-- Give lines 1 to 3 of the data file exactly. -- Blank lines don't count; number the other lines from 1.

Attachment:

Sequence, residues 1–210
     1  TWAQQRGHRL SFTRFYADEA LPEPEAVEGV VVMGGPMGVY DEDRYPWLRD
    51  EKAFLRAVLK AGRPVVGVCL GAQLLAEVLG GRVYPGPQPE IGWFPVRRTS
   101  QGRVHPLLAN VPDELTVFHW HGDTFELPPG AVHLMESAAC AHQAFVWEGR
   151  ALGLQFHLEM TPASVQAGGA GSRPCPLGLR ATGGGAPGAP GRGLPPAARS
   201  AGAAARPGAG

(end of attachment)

Sequence, residues 1–210
     1  TWAQQRGHRL SFTRFYADEA LPEPEAVEGV VVMGGPMGVY DEDRYPWLRD
    51  EKAFLRAVLK AGRPVVGVCL GAQLLAEVLG GRVYPGPQPE IGWFPVRRTS